Language Selection

English French German Italian Portuguese Spanish

KMyMoney vs. GnuCash: Battle of Money Management

Filed under
Software

It’s really important to keep track of your financial position. Online banking can keep you up to date about your account activity and balance, but not every bank offers more tools than that in order to better track your finances.

Although there are online tools such as Mint.com, the service isn’t available worldwide and it requires that you trust a third-party with your sensitive financial data while you use their online service. If you don’t have any other options or don’t trust online third-party financial services after the NSA/PRISM scare, then it’s best to track all of your finances through a desktop application that can store that data on your computer. On Linux systems, the top two choices are KMyMoney and GnuCash.

KMyMoney

KMyMoney is an accounting application designed to be used with the KDE desktop environment, and similar to KDE’s style of features and customizability, it comes packed with plenty of functionality. When you first launch the application, you’ll be presented with a wizard that can help set up your KMyMoney file.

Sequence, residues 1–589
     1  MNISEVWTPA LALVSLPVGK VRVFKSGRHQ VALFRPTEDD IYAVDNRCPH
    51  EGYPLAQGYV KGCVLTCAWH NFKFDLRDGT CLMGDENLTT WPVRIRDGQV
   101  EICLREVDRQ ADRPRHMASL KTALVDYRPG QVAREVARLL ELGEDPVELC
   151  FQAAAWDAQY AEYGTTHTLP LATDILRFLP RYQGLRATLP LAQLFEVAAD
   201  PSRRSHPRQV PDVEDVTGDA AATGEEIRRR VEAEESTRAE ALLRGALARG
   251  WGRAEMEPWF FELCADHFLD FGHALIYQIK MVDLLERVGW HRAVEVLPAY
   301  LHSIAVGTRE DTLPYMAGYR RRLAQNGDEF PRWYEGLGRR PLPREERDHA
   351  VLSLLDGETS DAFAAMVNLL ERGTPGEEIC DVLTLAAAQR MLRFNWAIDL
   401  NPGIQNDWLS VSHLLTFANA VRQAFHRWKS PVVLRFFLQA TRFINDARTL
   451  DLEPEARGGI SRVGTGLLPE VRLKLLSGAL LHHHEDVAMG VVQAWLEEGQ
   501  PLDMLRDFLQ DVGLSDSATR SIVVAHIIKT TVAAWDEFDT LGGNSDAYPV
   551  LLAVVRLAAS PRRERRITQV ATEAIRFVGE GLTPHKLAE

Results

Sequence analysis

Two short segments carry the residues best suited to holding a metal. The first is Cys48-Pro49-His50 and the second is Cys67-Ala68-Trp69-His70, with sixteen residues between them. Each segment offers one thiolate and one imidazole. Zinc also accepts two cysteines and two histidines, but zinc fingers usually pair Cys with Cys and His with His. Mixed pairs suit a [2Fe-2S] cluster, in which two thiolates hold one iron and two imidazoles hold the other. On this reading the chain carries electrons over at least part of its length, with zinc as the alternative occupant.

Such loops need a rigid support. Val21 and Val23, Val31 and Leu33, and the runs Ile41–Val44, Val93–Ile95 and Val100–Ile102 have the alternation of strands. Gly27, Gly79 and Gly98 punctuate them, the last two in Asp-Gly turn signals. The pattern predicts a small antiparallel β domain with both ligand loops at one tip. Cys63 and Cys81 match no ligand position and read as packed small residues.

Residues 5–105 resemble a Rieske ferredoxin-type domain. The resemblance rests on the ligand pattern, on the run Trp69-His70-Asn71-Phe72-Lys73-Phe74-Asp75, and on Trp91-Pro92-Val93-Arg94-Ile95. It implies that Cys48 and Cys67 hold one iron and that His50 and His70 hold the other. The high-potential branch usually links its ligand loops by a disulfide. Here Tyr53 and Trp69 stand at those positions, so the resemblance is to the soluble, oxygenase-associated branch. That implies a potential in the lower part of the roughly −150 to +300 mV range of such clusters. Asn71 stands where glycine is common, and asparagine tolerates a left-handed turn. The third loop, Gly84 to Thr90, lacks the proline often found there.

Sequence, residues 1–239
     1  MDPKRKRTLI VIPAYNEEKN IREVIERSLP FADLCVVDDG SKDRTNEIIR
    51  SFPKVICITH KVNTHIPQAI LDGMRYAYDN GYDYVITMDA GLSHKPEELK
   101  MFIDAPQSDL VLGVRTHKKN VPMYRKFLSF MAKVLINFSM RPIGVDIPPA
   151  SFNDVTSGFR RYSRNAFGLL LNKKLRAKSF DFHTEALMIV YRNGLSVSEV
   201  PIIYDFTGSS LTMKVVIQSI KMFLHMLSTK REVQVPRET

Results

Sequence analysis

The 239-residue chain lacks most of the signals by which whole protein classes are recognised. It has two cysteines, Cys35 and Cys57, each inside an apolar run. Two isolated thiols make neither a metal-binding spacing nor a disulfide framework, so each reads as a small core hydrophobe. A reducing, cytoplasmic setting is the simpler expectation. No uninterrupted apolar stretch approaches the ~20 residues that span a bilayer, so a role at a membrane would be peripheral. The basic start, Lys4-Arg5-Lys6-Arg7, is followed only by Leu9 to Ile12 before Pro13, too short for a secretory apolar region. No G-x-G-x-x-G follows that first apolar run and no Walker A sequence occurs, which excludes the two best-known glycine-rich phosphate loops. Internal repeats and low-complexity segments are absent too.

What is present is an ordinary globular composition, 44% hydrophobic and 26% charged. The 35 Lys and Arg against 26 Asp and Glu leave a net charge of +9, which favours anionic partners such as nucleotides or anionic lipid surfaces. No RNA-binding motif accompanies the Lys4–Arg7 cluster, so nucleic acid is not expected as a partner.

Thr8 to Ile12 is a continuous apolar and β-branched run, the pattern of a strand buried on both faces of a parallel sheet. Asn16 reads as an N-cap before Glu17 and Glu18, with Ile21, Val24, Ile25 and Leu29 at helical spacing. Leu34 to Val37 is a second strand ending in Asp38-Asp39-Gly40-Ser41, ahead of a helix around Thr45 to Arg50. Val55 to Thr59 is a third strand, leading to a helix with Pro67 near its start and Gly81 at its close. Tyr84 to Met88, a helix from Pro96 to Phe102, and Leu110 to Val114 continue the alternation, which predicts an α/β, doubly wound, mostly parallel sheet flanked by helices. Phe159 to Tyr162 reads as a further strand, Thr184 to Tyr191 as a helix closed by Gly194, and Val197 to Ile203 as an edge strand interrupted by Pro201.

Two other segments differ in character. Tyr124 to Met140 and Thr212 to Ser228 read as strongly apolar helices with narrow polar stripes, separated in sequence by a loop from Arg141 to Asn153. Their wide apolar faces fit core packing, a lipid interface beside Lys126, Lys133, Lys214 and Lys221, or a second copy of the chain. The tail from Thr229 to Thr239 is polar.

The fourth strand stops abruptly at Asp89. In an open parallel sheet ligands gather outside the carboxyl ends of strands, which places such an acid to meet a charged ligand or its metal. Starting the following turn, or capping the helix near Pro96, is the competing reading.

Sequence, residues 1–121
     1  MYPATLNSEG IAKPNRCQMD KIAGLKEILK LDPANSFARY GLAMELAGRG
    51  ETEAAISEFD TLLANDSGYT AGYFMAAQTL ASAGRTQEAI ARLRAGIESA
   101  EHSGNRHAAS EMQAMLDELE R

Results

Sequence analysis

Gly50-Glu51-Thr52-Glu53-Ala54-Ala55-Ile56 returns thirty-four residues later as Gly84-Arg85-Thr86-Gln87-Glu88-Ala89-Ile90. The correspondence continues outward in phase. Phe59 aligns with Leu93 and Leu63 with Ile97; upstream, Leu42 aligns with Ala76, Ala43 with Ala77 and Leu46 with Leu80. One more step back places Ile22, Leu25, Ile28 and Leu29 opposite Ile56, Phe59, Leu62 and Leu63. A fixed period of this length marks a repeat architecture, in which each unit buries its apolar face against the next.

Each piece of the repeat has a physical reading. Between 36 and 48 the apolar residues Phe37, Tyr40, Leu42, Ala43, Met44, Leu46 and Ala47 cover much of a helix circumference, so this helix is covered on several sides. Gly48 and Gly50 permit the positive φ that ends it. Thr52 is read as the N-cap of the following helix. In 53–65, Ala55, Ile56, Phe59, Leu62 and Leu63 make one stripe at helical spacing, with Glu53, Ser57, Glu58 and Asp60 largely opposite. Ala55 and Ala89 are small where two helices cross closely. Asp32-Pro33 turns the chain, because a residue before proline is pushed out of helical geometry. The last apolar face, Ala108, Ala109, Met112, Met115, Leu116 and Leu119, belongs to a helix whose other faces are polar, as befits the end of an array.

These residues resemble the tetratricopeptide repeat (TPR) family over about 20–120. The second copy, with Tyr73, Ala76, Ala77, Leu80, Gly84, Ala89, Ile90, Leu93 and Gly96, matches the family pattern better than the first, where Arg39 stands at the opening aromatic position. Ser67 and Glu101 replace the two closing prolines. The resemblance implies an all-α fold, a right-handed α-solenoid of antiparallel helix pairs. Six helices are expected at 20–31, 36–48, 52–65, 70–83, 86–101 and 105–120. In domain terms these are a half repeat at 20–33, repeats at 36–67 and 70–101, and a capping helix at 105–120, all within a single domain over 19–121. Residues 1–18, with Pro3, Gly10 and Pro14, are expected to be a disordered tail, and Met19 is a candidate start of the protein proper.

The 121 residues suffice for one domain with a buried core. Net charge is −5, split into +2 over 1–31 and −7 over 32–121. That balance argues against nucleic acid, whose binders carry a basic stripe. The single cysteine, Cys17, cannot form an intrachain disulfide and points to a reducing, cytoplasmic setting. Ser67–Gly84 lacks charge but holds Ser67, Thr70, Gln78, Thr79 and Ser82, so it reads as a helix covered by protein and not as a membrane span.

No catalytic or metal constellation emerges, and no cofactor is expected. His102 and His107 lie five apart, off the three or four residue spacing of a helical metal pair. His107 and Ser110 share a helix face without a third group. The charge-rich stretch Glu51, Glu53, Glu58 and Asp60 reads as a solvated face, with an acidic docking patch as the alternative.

rest here




More in Tux Machines

Leftovers: Gaming

today's howtos

Leftovers: Software

Intel Beignet Is Working Out Surprisingly Well For OpenCL On Linux

Beignet is the project out of Intel's Open-Source Technology Center for exposing GPGPU/compute capabilities out of Ivy Bridge hardware and newer when using a fully open-source Linux stack. While Beignet differs greatly from Gallium3D's Clover state tracker, this Intel-specific open-source OpenCL implementation is working out quite well for Ubuntu Linux. While I've been writing about Intel's Beignet project since early 2013, it's probably been about a year now since I tried out the code, which is developed by Intel's OTC graphics team in China. This weekend I tried out Beignet v0.9.2 as trying out the newest Intel OpenCL code has been on my TODO list for a while and it's been working out rather well in my initial tests. Read more